Johanna Neuman, Los Angeles Times
Sunday, March 16, 2008
(03-16) 04:00 PDT Washington - --
Illinois Sen. Barack Obama on Saturday lamented the rhetorical skirmishes that have recently turned the Democratic presidential campaign into a contest over race and gender.
"The forces of division have started to raise their ugly heads again," he said at a town hall meeting in a high school in Plainfield, Ind.
Obama did not mention by name his rival, New York Sen. Hillary Rodham Clinton, or the recent string of barbs traded between the two campaigns. "I'm not here to cast blame or point fingers," he said.
In the last week alone, Obama distanced himself from his longtime pastor, the Rev. Jeremiah Wright, for saying Clinton, being a woman of privilege in a country run by whites, could never understand blacks. During the same week, Clinton accepted the resignation from her finance committee of former Rep. Geraldine Ferraro of New York after Ferraro said that she believed Obama would never had gotten this far in the presidential race if he had not been black.
"We've got a tragic history when it comes to race in this country," Obama said, noting "pent-up anger and mistrust and bitterness." But, he added, "I continue to believe that this country wants to move beyond these kinds of things."
Noting his own ethnic background - his mother was white and his father black - Obama said: "As somebody who was born into a diverse family, as somebody who has little pieces of America all in me, I will not allow us to lose this moment."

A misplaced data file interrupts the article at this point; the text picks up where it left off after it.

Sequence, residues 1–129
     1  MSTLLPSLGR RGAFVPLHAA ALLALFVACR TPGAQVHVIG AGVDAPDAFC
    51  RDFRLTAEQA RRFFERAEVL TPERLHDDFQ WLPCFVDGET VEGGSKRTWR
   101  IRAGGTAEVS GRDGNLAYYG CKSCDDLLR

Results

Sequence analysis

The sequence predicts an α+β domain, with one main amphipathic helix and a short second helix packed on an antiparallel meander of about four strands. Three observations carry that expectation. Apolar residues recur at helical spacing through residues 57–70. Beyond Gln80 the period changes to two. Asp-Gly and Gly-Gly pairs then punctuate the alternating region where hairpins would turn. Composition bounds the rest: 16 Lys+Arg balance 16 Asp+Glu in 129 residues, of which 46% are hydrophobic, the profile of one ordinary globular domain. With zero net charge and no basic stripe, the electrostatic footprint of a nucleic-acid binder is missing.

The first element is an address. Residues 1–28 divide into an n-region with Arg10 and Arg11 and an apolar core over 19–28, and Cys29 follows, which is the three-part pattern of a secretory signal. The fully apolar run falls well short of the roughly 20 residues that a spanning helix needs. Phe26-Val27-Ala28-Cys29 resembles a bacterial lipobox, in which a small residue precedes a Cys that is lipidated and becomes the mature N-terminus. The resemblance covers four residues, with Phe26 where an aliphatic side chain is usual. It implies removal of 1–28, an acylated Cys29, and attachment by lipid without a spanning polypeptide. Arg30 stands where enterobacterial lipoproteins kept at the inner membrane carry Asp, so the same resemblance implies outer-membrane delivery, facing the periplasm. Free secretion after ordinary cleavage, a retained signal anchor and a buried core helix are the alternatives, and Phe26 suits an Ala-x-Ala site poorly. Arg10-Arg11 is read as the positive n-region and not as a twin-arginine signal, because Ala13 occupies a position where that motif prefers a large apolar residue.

As the crowd came to its feet shouting, "Yes we can, yes we can," Obama said it is important to speak up against inflammatory words like those of his former pastor, but equally important to come together.
"It is within our power to join together, to truly make a United States of America," he said. "That's the only way that we're going to deliver on the big issues we're facing in this country. We cannot solve health care divided. We cannot create an economy that works for everybody divided. We cannot fight terrorism divided. We cannot care for our veterans divided. We have to come together."
Obama spoke in Indiana as he directed his political attention to states beyond the critical April 22 Pennsylvania primary. Indiana and North Carolina have primaries on May 6, two weeks after Pennsylvania's on April 22.